Will Web Search Engines Replace Bibliographic Databases in the Systematic Identification of Research?

Jessica Bates, Paul Best, Janice McQuilkin, Brian Taylor

Research output: Contribution to journalArticle

4 Citations (Scopus)

Abstract

The availability of web search engines offers opportunities in addition to those provided by bibliographic databasesfor identifying academic literature, but their usefulness for retrieving research is uncertain. A rigorous literaturesearch was undertaken to investigate whether web search engines might replace bibliographicdatabases, using empirical research in health and social care as a case study. Eight databases and five web searchengines were searched between 20 July and 6 August 2015. Sixteen unique studies which compared at least onedatabase with at least one web search engine were examined, as well as drawing lessons from the authors’ ownsearch process. Web search engines were limited in that the searcher cannot be certain that the principles ofBoolean logic apply and they were more limited than bibliographic databases in their functions, such as exportingabstracts. Recommendations are made for improving the rigour and quality of reporting studies of academic literaturesearching.
LanguageEnglish
Pages8-17
JournalJournal of Academic Librarianship
Volume43
Issue number1
Early online date27 Dec 2016
DOIs
Publication statusPublished - 31 Jan 2017

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search engine
empirical research
health

Keywords

  • Academic librarianship
  • Bibliographic databases
  • Google Scholar
  • Health research
  • Literature searching
  • Social care research
  • Systematic searching
  • Web search engines

Cite this

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title = "Will Web Search Engines Replace Bibliographic Databases in the Systematic Identification of Research?",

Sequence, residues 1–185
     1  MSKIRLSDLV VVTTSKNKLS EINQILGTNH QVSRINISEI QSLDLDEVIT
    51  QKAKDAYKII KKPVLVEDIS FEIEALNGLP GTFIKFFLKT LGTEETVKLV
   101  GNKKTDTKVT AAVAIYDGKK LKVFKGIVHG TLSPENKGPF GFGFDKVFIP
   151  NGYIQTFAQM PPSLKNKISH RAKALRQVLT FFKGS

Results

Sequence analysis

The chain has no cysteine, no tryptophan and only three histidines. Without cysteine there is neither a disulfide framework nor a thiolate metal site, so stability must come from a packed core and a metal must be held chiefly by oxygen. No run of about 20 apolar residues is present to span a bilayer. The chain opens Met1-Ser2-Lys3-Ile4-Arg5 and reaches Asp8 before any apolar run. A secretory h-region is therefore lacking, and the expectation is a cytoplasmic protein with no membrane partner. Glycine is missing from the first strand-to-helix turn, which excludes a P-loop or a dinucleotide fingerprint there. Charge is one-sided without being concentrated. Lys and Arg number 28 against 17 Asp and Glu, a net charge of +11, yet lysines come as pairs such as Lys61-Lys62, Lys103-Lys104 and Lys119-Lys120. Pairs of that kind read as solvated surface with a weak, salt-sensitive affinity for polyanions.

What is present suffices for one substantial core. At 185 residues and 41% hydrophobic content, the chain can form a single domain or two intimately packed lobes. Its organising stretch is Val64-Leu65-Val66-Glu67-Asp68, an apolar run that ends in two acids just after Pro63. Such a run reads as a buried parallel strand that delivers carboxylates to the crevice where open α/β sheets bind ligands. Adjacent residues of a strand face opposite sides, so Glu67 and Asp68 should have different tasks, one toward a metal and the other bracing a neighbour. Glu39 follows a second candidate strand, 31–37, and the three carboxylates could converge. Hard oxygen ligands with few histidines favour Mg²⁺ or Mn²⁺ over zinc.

abstract = "The availability of web search engines offers opportunities in addition to those provided by bibliographic databasesfor identifying academic literature, but their usefulness for retrieving research is uncertain. A rigorous literaturesearch was undertaken to investigate whether web search engines might replace bibliographicdatabases, using empirical research in health and social care as a case study. Eight databases and five web searchengines were searched between 20 July and 6 August 2015. Sixteen unique studies which compared at least onedatabase with at least one web search engine were examined, as well as drawing lessons from the authors’ ownsearch process. Web search engines were limited in that the searcher cannot be certain that the principles ofBoolean logic apply and they were more limited than bibliographic databases in their functions, such as exportingabstracts. Recommendations are made for improving the rigour and quality of reporting studies of academic literaturesearching.",
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Will Web Search Engines Replace Bibliographic Databases in the Systematic Identification of Research? / Bates, Jessica; Best, Paul; McQuilkin, Janice; Taylor, Brian.

Vol. 43, No. 1, 31.01.2017, p. 8-17.

Research output: Contribution to journalArticle

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